One of the most disturbing aspects of Osama bin Laden’s October 7 videotape has been the reaction of U.S. officials to one of his charges — that the U.S. government has killed a million Iraqi children. As far as I know, not one government official has denied the charge.
Why not? It would seem to be rather important to deny such an accusation.
Every time I ask someone whether they know anything about the charge, the response is the same: “That’s ridiculous. If our government had killed a million children, we would have heard about it.”
Unfortunately, the evidence suggests that bin Laden’s charge might in fact be true — that for the past 10 years, the government of one of the greatest nations in history has engaged in the systematic killing of hundreds of thousands of innocent children.
On September 30, 1998, BBC News Online Network reported, “The outgoing coordinator of the UN oil-for-food deal in Iraq said it was correct to draw attention to the ‘4,000 to 5,000 children dying unnecessarily every month due to the impact of sanctions because of the breakdown of water and sanitation, inadequate diet, and the bad internal health situation.'”
And a Reuter’s release dated July 21, 2000, stated, “A senior UN official, Anupama Rao Singh, country director for UNICEF, said Friday about half a million children under the age of 5 have died in Iraq since the imposition of UN sanctions 10 years ago.”
If these reports are true, what does it portend for the American people, who have in the past condemned citizens in foreign lands for looking the other way when *their* governments were killing multitudes of innocent people?
What was the reaction of the Clinton administration to the horrific consequences of the U.S. embargo against Iraq? In a 1996 *60 Minutes* interview, U.S. Ambassador to the UN Madeleine Albright told Leslie Stahl, “This is a very hard choice, but the price, we think the price is worth it.”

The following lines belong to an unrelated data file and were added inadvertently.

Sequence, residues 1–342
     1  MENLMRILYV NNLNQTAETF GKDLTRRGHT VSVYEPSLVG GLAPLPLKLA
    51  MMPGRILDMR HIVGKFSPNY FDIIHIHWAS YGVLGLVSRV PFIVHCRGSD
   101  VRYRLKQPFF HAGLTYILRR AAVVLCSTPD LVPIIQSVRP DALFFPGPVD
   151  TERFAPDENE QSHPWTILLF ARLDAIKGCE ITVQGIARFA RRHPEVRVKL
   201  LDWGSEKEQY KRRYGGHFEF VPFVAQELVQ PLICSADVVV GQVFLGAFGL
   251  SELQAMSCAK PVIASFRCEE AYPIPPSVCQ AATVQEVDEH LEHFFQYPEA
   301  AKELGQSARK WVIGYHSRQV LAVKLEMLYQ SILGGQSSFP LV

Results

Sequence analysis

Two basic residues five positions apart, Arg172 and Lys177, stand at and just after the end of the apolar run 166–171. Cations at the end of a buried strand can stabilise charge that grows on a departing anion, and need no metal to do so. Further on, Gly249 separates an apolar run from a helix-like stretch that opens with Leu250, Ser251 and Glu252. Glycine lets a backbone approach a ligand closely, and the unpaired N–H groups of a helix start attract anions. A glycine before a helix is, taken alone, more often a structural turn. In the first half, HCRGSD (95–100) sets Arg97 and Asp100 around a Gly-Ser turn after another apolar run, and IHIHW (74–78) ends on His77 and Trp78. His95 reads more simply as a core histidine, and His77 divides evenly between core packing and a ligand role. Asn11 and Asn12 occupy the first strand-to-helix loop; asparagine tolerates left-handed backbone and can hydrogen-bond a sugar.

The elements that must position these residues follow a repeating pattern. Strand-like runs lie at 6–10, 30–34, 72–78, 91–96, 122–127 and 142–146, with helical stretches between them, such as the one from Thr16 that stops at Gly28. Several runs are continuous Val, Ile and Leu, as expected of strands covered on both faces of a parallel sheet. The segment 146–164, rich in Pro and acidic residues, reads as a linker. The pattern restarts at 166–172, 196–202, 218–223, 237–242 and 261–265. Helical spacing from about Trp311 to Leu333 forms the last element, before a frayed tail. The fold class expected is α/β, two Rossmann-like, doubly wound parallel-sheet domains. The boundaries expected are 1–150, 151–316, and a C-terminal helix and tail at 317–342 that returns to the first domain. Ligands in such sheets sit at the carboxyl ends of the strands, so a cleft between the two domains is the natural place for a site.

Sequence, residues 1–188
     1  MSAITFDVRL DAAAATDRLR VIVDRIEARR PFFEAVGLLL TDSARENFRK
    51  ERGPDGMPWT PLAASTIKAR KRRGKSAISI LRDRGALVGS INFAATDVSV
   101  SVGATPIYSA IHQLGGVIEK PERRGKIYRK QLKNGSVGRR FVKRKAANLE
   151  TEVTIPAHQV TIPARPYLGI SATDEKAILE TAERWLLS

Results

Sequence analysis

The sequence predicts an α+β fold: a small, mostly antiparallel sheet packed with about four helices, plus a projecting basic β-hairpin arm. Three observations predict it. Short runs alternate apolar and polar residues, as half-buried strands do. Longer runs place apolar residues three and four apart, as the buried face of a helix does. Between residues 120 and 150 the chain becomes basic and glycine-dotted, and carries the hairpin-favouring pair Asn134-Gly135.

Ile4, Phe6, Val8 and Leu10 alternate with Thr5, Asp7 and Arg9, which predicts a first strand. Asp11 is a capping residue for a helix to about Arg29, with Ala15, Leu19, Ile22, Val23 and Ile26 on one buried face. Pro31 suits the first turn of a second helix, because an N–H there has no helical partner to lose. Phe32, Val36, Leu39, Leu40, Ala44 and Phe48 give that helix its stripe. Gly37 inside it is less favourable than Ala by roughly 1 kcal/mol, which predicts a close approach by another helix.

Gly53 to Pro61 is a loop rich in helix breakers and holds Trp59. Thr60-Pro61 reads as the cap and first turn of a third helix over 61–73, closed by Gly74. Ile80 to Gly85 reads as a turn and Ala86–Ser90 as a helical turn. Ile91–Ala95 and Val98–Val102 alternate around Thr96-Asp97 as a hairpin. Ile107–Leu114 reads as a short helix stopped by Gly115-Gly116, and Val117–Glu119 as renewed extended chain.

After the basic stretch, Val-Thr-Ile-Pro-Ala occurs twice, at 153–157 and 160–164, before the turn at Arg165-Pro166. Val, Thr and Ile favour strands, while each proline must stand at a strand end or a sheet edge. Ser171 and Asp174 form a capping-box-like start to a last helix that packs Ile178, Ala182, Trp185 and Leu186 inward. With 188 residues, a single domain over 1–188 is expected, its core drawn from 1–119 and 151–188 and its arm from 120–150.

Worth the lives of hundreds of thousands of innocent children? Might parents in the Middle East feel differently?
Albright and her boss, President Clinton, based their claim that the deaths of Iraqi children were “worth it” on their belief that the embargo would ultimately “squeeze” Iraq’s ruler, Saddam Hussein, into relinquishing political power. But can such a political goal morally justify the use of Iraqi civilians in such a manner — especially children?
There are, of course, those who say that Americans should not examine the terrorists’ motives for the September 11 attacks, because to do so might suggest that “we had it coming to us.” Most people would agree that nothing — especially wrongful conduct by the victims’ government — can justify those attacks. But should we permit the September 11 attacks to relieve American citizens of the responsibility for examining whether the U.S. government is guilty of targeting foreign citizens because of acts committed by their own government?
The American people seek to avenge the deaths of the 6,000 people who died in the attacks on September 11. But imagine the following: Suppose Iraqi terrorists had instead hijacked planes filled with elementary school students and then intentionally crashed them into a convention center that they knew contained several hundred thousand Cub Scouts and Brownies, killing everyone.
How much angrier would Americans then be?
Consider the following excerpt from the statement that Ramzi Ahmed Yousef, one of the terrorists who bombed the World Trade Center in 1993, made to the federal judge at his sentencing hearing: “You keep talking also about collective punishment and killing innocent people to force governments to change their policies; you call this terrorism when someone would kill innocent people or civilians in order to force the government to change its policies. Well, when you were the first one who invented this terrorism…. And now you have invented new ways to kill innocent people. You have so-called economic embargo which kills nobody other than children and elderly people…. You are the ones who invented terrorism and using it every day. You are butchers, liars, and hypocrites.”
Yousef’s statement raises two troubling questions: First, in the long, nasty war that might lie ahead, is it possible that the enemy will be angrier and more motivated to kill than Americans are? Second, why didn’t U.S. government officials stop the embargo once they realized not only that it was producing perverse consequences but also that those perverse consequences were a principal motive behind the 1993 attack on the World Trade Center?
Isn’t it incumbent on a citizenry to make its government stop wrongful conduct against innocent people, even in the midst of war? As a moral matter, shouldn’t we leave the barbarity to the enemy? Isn’t it in our interests to do so?